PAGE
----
Friday, February 28, 2014

Abilene at Light #8

Last Friday, as he drove up to Light #8 of the 15 traffic lights on his commute, he noticed a small figure on the median holding a cardboard sign asking for change. This person was a young woman, petite, bundled up like she was at a school bus stop, likely early 20s, though the stress and cold had aged her a little bit. “Oh, that is dangerous”, he thought. A young person, especially a woman, out on the streets is a vulnerable target for a myriad of urban predators, both natural and human. As he turned at the light to go home, he wondered, “I wonder if her family was evicted like when I was a kid”. He then thought, “F***ing idiot; why didn’t you stop!”

The following Monday, she was out at the same traffic light with her sign. The light was green this time, so he quickly turned, and it didn’t dawn on him to stop. He was glad the Urban Beasts didn’t get her. He then thought, “I wonder if her mom tried to off herself, like when I was a kid.” He then thought, “You MORON! you could have totally stopped!”

On Tuesday she was still there. He expected that she would now part of the scenery of his routine commute. At Light #8, the young woman with a cardboard sign will be peddling for cash. He would wonder something, “I wonder if she’s couch surfing”, or “I wonder if she’s pondered ending it all yet”, you know, like when he was a kid. He’d then chastise himself for not stopping. Until finally he did.

On Wednesday, he saw her, doing the “I’m really cold” dance that everyone who has ever taken public transportation in the dead of winter knows. Her face was deep red from being outside for so long. The wind was so strong that it hurt one’s face. Imagine being beaten up by a yeti with ice gloves. It was worse than that. He whizzed by her, and did his daily wondering, “I wondered if she’s hungry”. He then turned right at Light #9 instead of going straight, pulled into the first place he found that sold hot food, and ordered a feast for two. He then drove back up to Light #8 and found parking and handed the woman the food and FINALLY asked her something instead of wondering and guilt-tripping:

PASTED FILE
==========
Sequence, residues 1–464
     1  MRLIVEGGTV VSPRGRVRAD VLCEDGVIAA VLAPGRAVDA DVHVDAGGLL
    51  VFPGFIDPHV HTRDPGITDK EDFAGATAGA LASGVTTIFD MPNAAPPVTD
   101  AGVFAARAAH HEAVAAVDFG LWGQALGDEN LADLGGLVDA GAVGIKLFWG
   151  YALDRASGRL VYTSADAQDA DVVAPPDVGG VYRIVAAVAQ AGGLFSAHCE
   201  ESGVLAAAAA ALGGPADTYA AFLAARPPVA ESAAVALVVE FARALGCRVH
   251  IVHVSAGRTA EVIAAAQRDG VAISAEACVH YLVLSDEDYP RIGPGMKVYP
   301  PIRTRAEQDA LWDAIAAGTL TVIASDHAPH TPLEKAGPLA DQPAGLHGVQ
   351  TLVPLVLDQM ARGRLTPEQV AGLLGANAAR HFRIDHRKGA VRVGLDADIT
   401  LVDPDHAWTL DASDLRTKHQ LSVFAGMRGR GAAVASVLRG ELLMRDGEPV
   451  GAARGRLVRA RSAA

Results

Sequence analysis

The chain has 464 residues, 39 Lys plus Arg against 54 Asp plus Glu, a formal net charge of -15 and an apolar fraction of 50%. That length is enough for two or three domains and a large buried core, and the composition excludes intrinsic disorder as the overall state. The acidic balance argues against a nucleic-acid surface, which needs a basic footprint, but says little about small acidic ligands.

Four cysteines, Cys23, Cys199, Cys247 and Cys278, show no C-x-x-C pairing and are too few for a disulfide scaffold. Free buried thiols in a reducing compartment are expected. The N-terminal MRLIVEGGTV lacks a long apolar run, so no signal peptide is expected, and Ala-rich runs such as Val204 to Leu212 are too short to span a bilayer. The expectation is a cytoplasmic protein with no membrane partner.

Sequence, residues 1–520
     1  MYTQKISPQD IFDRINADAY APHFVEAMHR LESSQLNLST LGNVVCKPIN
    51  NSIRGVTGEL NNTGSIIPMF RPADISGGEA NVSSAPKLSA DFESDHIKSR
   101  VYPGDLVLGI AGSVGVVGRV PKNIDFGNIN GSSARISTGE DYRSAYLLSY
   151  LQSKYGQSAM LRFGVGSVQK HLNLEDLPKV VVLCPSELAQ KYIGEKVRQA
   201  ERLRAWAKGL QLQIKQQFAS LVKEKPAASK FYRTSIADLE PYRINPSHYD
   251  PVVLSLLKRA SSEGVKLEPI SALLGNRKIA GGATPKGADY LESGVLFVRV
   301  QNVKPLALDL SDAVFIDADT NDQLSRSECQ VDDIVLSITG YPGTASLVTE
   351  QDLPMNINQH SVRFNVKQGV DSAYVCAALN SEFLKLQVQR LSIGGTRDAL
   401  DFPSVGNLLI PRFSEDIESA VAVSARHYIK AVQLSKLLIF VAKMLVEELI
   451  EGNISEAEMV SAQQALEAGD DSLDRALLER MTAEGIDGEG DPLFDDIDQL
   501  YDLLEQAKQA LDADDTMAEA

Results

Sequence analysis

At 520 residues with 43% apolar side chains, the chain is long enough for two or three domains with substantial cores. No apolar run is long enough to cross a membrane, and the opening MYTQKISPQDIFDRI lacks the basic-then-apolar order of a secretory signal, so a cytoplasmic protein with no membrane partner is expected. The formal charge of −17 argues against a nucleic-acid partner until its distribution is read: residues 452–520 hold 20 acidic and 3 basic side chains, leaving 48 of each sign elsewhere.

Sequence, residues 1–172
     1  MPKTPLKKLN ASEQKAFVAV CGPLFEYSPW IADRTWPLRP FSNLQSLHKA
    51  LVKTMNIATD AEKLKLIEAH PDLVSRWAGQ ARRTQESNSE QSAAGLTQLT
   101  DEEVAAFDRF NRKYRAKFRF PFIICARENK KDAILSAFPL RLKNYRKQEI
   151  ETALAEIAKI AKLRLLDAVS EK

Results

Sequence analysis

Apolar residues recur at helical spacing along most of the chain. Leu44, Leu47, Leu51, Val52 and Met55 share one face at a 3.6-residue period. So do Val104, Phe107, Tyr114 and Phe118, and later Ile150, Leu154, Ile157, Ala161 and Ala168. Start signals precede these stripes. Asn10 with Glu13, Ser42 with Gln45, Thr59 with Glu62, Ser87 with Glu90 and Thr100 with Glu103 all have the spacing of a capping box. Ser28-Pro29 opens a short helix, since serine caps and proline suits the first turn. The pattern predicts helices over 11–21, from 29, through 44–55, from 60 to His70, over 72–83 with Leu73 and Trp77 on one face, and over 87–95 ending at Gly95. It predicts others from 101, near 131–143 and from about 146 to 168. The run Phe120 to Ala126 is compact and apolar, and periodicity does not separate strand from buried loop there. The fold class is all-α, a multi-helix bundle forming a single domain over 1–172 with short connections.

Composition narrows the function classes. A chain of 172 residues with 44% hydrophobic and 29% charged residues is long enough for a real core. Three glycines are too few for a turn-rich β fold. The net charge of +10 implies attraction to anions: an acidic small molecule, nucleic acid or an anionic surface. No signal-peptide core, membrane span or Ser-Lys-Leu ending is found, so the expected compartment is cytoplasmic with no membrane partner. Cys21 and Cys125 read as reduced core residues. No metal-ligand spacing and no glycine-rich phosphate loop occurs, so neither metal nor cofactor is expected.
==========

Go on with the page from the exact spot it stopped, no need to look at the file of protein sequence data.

“Here’s some food, and this is the last of my money on-hand. I don’t expect you to go jumping into a complete stranger’s car, but if you need to get somewhere, I can take you. I know a few warm places in the city.”

“Oh, thanks. I’m fine. I’m staying with a friend who gets off work in an hour.”

“...Ok. Well take care, then. and be careful. What’s your name by the way?”

“It’s Abilene. Thank you for the food!”

No one can blame a young woman in a very vulnerable situation for not trusting a large man who offers her a ride. He just hoped Abilene’s eyes were flitting around for another reason as she spoke, and not because she was trying to concoct an answer, like he used to do when he was a kid. The sub-zero wind chill may be more appealing than the threat of being abducted. She was smart. Still...sub-zero wind chills can be result in the same morbid outcome. So on Wednesday, he finally learned something: Abilene was wearing an emotional mask, she was a very proud person, and she may not have trust in many people. Just like he was when he was a kid. The only difference is that it was never deathly cold when he was out on the street.

On Thursday, she wasn’t there. There was a piece of cardboard floating around the intersection, but it didn’t have any writing on it. It definitely wasn’t the sign that she had carried, but it looked as if Abilene at Light #8 erased all traces of her existence. As he turned and drove toward Light #9, he hoped that Abilene just moved to another block for the day or that she went somewhere warm that he suggested. He REALLY hoped the Urban Beasts hadn’t taken her. Never before has he actually wanted to see someone outside in the cold like he did Abilene at Light #8.

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